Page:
A great eulogy starts with getting together the right information so you can deliver the message to properly honor the person you’re writing about.
It’s an absolute honor to be asked to delivery a eulogy and it’s not something to be taken lightly.
What you don’t want is a speech without anecdotes, a speech without any personalization or a speech that just anyone could have written.
Honor Their Legacy
You want your audience to relate to the speech so that they can get a better sense of the person, as well as more information with which to honor their legacy.
Remember that there’s no right or wrong way to write a eulogy – just go with what works for you and what you feel comfortable with.
I’ve had others tell me that chronologically listing achievements is boring, but the best eulogy I’ve written did just that interspersed with anecdotes and personal information.
There’s no right or wrong way to write a eulogy, but I hope the tips on this site provide you with a few guideposts as you go along.
3 Sections For Your Eulogy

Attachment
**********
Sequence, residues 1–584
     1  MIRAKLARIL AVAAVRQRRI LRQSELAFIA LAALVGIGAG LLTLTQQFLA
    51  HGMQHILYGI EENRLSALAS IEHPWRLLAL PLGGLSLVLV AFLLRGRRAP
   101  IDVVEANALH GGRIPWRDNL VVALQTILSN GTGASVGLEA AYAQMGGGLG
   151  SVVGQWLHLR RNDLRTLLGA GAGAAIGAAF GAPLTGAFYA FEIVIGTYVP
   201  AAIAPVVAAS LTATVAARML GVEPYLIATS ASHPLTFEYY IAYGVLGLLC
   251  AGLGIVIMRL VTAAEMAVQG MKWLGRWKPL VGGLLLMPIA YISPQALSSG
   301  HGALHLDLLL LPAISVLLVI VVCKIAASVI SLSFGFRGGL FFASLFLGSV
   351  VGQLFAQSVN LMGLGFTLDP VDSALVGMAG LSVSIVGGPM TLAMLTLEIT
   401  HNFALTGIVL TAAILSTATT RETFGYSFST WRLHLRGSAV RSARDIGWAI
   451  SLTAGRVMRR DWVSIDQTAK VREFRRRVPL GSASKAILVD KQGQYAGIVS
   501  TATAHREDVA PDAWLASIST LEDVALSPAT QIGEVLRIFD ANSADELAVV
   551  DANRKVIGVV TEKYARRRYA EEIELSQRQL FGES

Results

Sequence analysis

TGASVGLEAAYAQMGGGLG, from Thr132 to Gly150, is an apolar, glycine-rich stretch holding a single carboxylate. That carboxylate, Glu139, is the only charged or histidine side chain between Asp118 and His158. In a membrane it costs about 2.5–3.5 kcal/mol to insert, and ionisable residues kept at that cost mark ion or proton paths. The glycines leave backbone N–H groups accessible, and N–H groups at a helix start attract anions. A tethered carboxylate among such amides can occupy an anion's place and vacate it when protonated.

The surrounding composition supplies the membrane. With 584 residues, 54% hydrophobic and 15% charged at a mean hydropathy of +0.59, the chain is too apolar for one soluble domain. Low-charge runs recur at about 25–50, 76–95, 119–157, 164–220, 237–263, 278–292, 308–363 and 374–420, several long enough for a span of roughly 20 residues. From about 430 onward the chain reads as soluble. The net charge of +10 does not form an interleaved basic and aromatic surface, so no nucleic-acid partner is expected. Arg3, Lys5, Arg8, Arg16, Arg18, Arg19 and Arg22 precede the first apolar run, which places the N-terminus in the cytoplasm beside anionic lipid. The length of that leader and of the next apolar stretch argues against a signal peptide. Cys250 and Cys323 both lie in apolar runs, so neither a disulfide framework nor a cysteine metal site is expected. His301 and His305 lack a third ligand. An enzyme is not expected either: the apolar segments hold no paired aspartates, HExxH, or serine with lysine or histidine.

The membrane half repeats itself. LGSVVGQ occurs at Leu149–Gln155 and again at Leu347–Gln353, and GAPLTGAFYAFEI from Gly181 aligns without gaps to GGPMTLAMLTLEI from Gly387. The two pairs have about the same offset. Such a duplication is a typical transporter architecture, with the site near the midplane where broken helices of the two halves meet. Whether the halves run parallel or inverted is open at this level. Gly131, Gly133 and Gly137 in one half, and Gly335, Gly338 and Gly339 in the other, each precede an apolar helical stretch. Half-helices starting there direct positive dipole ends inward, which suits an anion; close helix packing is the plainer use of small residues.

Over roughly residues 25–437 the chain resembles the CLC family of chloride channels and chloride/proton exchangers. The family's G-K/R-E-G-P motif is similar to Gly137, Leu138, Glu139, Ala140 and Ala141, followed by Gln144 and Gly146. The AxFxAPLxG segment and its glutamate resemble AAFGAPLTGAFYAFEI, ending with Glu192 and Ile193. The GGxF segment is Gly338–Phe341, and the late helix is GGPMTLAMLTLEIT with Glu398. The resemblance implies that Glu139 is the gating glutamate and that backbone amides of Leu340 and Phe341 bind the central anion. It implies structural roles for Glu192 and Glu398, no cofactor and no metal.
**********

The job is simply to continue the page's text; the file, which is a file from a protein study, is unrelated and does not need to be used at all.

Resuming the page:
So let’s break writing the speech down into 3 sections:
- The Facts – who you are, what relationship you are to the deceased, important dates in the deceased’s life and important achievements.
- The Anecdotes – gather together 3-4 anecdotes that best represent the achievements or interests of the deceased. I generally get these by speaking with those close to the deceased.
- Closing – a great closing is critical to a great eulogy. I always try to finish on the positive note (whilst still acknowledging the sadness of the occasion) that we all knew the person and had the chance to enjoy his gifts and company.
Something like this:
“And I’m sure we’ll all remember him the way they do – with great affection. With love. With respect. As a simple and humble man. And as a gentle man.
Today we say “Thank You” Dave for who you were to us.
We give thanks to have known Dave or Dad or Grand-Dad or Uncle Dave. We give thanks that we’ve had the chance to have a beer, a chat and spend some time with a good and decent man.
We’ll miss you, but we know the truth that however sad we feel right now our lives are so much richer for having had you in them.
Vale Dave Davidson – and may you Rest in Peace.”
Tie That Eulogy Together
Npow you have the right information, it’s a matter of tieing the eulogy together.
Rather than some long-winded ideas on how to do this I’ve provide samples of beginnings, middles and ends over here, along with 10 sample eulogies for instant download.